What did they talk about in the Ice Age? The weather, of coursePAUL JOHNSON
This is the time of year when I repeat Christina Rossetti's lines:
November was as cold as I remember this once-muggy, foggy month. And December even harder. The Met Office says the rest of winter will be severe, and this is the first of a cold series. I am prepared. I have two lovely, comfortable scarves, one of white, of pure cashmere, bought at an Armani sale by that Prussian beauty Lady Niti Gowrie, which somehow found its way to me, and I also possess an immense long red thing of wool, from MoMA in New York, with matching gloves, a present from Drue Heinz to my wife, which I appropriated as the spoils of war. What war? Why, the war between the sexes of course, particularly hard fought in midwinter, when useful warm properties are pinched by both sides. After all, she has my magnificent silver-buckled belt, bought to go with my tartan trews, from that stately shop Campbells of Beauly, and which fits in so well with her best winter-party frocks. I also have a gloriously warm and comfy pair of wine-red suede shoes, from Finn's in the King's Road, a gift from its owner, Alexandra Finlay, to certain Spectator writers, and a sumptuous pair of indoor slippers from Russell & Bromley, whose emporium in High Street Kensington is one of the nicest shops I know, beautifully warm at this time of year, and with pretty, attentive staff. I also have my grand, soft, enveloping black overcoat, bought from Brooks Brothers in New York in 1980, the year Mr Reagan was first elected (and would that the wise old pro still ruled over us!). So it is nearly 30 years old but as good as new.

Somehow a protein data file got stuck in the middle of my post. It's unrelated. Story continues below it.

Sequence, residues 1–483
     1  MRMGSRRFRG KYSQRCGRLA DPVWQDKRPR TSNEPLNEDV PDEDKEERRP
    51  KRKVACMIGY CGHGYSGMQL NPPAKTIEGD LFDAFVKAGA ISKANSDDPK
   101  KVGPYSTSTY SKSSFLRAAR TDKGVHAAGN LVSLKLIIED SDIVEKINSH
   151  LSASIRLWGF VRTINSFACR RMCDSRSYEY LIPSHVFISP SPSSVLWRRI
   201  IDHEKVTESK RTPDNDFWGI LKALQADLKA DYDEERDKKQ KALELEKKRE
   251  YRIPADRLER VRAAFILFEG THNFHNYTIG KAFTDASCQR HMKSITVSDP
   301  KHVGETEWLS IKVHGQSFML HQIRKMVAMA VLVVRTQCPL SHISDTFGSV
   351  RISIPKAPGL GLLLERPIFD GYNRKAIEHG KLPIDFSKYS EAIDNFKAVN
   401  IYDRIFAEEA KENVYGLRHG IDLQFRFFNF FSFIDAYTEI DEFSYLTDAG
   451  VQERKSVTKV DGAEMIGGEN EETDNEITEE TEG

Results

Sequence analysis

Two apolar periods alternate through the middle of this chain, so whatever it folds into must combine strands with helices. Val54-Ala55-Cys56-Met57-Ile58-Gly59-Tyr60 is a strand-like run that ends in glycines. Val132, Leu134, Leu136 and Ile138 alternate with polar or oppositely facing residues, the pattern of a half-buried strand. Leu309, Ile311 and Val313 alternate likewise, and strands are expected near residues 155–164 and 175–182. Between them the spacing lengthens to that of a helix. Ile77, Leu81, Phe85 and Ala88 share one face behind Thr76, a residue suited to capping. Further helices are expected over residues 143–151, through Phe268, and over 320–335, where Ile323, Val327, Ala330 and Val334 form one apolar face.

I was brought up to disregard the cold. A pious old great-aunt used to say: 'Cold? Blow on your hands, and remember, no matter how cold it is, it's better than the eternal fires of Hell!' No one says things like that nowadays, more's the pity. Those of us who lived north of the Trent expected hard winters, and got them. 'Into the North,' as Twelfth Night has it, 'where you will hang like an icicle on a Dutchman's beard.' We sometimes had snow on the ground for a month, two on Biddulph Moor, that glorious Abomination of Desolation. No central heating then, and the first thing to be done when you got up in the pitch dark was to lay and light the fire. How hyperborean the coal-cellar was! But once the kitchen fire was roaring up the chimney, things began to improve. My mother liked to invite the various tradesmen indoors to warm their hands, while the bodies of their patient horses smoked in the freezing street. Ice formed on the outside of the kitchen windows. I knew how true it was when Shakespeare wrote:
Well, it did! Our milkman, Arthur Machin, calling dead on time at 7 a.m., sometimes had to break the ice on the big churn in his trap, to ladle the milk into the jug I brought out to him. He could tell me the name of the cow it had come from, having milked her the evening before. 'Ay, this is Elsie's. She's a good 'un.' 'Mother says you're to come in for a warm.' 'Oh, aye? That's gradely.' He would drink sweet tea from a mug bought at Edward VII's coronation, and tell us farm news. 'Six-foot drifts up at top o' forty-acre. I'm not going up theer, no fear!' If he stayed too long, Daisy, his old mare, would stamp her iron foot loudly, as if to say, 'Nobody's invited me into the warm!'